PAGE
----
Here it is, first post of the new year on the last day of my almost-four-week break from work. The time off has been awesome because I've gotten so much down. Apart from various parties and outings and other festivities, most of the first two weeks were spent organising the garage in a pretty serious way. I took almost all of my old computer gear to the local tip (who are participating in the Byteback program, making my culling reasonably environmentally-friendly). This is a pretty big thing for me, as I'm a hoarder and had kept all sorts of stuff (mostly for sentimental reasons) dating back to 1982. I've kept one working model of every computer and console I had for posterity and/or hacking, but have thrown all the extras and all the PC stuff I had that I'll likely never use. I've kept a few things that might have some actual monetary or other value as collectables, and I'll put those up on eBay when I get around to it.
As a result of all this, my garage has just about nothing in it, so I've set up a desk and sorted all my various electronics bits, tools and whatever so they're all nicely labeled and accessible. I even put in some halogen lights so the whole place is extremely well lit and I can see what I'm doing. And no computer in sight, though I am dragging the laptop out there with me.
All of this is to support this weeks' new hobby, which is getting back into hardware hacking in a pretty serious way. I'm not sure if its as a result of general burnout or because I'm now write code for my job rather than hacking to support my job as I was previously, but I found towards the end of last year that I just had no brain for code by the time I got home. I'm thinking that perhaps hardware is close enough to what I know to hold my interest and not be completely impossible, but different enough that there's room in my brain for it. Time shall tell.
Anyway, back in May I bought a RGB-to-HDMI converter and did some work to get my Amiga going on my LCD TV. As I mentioned then, my next project was to get RGB out of my Nintendo 64 so that I could play it without it looking horrible. I began work on what seemed like a fairly modest project: to build Tim Worthington's N64 RGB DAC using discrete logic rather than a CPLD (which at the time seemed way to complicated).
At the time I didn't really want to commit any money to this project as I didn't know if it was something that I was actually capable of doing. Since I had some stripboard, connectors and most of the other parts I'd need I opted to just build the thing on stripboard and buy the few chips and resistors that I'd need.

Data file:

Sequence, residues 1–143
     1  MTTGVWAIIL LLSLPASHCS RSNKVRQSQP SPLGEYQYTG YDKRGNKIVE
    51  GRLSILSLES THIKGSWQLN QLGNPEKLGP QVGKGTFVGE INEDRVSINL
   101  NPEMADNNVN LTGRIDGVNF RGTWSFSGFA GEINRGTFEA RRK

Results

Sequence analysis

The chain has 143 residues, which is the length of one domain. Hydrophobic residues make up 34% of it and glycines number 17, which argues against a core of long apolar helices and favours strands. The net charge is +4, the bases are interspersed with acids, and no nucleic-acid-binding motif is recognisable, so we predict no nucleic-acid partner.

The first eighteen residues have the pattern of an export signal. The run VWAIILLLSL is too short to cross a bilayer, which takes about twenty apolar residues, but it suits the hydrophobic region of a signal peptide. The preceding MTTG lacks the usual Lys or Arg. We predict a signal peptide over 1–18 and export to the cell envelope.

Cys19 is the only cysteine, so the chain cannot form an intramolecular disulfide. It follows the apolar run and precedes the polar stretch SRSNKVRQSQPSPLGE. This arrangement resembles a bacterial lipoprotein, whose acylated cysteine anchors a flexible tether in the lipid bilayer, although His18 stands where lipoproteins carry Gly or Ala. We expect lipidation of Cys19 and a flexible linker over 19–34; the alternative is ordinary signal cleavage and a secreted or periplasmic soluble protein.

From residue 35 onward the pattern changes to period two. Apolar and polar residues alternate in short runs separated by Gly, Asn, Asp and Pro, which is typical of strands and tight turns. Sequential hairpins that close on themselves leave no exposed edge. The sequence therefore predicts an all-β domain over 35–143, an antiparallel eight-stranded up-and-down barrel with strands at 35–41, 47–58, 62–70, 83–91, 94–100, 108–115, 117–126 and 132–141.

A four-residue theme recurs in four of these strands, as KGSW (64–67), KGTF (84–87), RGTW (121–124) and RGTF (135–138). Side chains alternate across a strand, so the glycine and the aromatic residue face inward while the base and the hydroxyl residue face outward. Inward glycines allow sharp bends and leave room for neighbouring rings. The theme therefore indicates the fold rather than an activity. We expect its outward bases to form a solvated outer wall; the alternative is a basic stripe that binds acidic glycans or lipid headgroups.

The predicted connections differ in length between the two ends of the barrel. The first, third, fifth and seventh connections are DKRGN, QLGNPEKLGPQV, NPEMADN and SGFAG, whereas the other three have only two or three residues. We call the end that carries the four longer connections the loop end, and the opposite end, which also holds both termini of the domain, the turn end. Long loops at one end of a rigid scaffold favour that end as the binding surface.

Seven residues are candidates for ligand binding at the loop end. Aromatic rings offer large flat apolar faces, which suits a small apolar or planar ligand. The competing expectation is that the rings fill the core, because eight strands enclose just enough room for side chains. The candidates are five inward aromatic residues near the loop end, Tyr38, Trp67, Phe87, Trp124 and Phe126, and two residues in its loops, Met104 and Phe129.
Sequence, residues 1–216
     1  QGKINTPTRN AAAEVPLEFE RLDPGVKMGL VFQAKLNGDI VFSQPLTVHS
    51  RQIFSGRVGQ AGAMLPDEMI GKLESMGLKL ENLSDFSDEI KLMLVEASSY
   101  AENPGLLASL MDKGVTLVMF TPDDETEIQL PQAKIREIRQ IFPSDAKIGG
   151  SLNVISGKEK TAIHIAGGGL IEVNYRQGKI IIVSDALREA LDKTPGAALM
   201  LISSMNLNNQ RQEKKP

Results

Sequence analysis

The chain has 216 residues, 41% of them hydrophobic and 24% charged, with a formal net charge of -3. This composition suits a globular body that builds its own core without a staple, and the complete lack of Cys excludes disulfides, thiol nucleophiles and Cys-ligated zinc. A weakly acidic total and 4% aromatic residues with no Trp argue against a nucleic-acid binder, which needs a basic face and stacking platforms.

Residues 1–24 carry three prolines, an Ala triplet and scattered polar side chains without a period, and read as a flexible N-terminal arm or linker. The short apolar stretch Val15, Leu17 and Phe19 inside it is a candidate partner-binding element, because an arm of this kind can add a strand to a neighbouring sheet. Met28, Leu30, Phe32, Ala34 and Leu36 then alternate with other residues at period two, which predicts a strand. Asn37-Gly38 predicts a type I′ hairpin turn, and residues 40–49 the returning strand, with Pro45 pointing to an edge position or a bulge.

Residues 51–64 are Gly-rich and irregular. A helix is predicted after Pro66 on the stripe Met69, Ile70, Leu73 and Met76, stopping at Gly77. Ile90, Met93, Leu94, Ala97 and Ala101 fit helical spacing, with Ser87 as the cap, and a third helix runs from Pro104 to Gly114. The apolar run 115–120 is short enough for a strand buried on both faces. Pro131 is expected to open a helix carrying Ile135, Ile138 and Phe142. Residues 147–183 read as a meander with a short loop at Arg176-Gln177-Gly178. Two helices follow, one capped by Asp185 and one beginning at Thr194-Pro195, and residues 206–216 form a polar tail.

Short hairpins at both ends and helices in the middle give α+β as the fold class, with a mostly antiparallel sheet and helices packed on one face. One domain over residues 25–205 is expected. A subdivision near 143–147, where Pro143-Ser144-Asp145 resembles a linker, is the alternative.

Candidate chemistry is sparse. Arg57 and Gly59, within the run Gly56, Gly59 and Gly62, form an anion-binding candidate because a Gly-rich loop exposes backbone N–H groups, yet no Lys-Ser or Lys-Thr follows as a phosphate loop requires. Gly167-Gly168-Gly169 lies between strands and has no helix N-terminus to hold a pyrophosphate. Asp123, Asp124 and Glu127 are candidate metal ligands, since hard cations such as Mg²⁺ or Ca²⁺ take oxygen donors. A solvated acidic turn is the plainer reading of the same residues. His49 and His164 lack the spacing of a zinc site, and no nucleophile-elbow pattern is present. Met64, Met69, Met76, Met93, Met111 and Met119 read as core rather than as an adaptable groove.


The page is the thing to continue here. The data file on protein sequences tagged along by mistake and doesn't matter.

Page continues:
In hindsight this turned out to be the wrong decision. Routing data buses on stripboard means a lot of bits of wire flying around, and it doesn't help that the board has to be small to fit inside the case. Over the course of the next couple of months I got perhaps three-quarters of the way there, and after a big effort in the last two weeks I produced this monstrosity:
Yeah, I know. There's more pics on Flickr but it doesn't get any prettier.
There's not much to it. Its four data latches (one for each of red, green and blue and one for the control lines), a couple of support chips and three R2R ladders.
In spite of the mess I still had high hopes for it, so I hooked it up and to my great surprise it (sorta) worked. Here's what Super Mario 64 looks like on my TV with the standard composite cable:
The major thing I'm trying to fix here is the weird "hatching" effect on high-contrast edges (like the life/star counters). Its not bad in static screens, but once things start moving its a horror on the eyes; its pretty much impossible to play.
But, with the magic of wires, we get this:
As you can see, everything is nice and crispy, which is was the desired result. Some of the colours are off though, which obviously isn't right.
Another example, this time from Yoshi's Story:
I haven't had the chance to really think about it in depth but with the way that the colours are generally brighter and Mario's clothes are washed out, and the way the other colours appear, my gut feeling is that I've wired the inputs to the R2R ladders wrong in such a way that they're off by one bit. With the board being so insane though I figured I have pretty much no chance of debugging it and even if I do figure it out its going to kill my fingers to try and make any changes to the board.
Actually getting the damn thing to work though has given me a lot of confidence and so I've decided to build it again, but this time done right, which means a real PCB. So over the last week I've been teaching myself how to use Eagle, a circuit and PCB designer that seems to be pretty popular. The learning curve is pretty steep, but I've made some good progress with it.
The first thing you do is draw the circuit. I've pretty much just copied Tim's design, getting this:
Next comes the board layout. Its pretty straightforward: setup the board size, place the components, then add all the wire routes to the board. The last bit is made simple using Eagle's autorouter. Various forums and whatnot suggest that real board designers don't use the autorouter, but I don't care - it seems like it will work well enough and I'm just a noob here so I'll take all the help I can get.
I also found a wonderful little program called Eagle3D which produced 3D renders of Eagle boards, including components. I ran mine through it to see what it would look like and got this:
I'm feeling pretty good about this! I'll sit on this for a couple of days just to make sure I've got it right, then I'll send it off to BatchPCB, a PCB fabrication service that will do short runs (even one) for reasonable prices.
I've no doubt that I've missed something, and it won't work properly the first time, but at least this board can be debugged. I see some good looking games in my future :)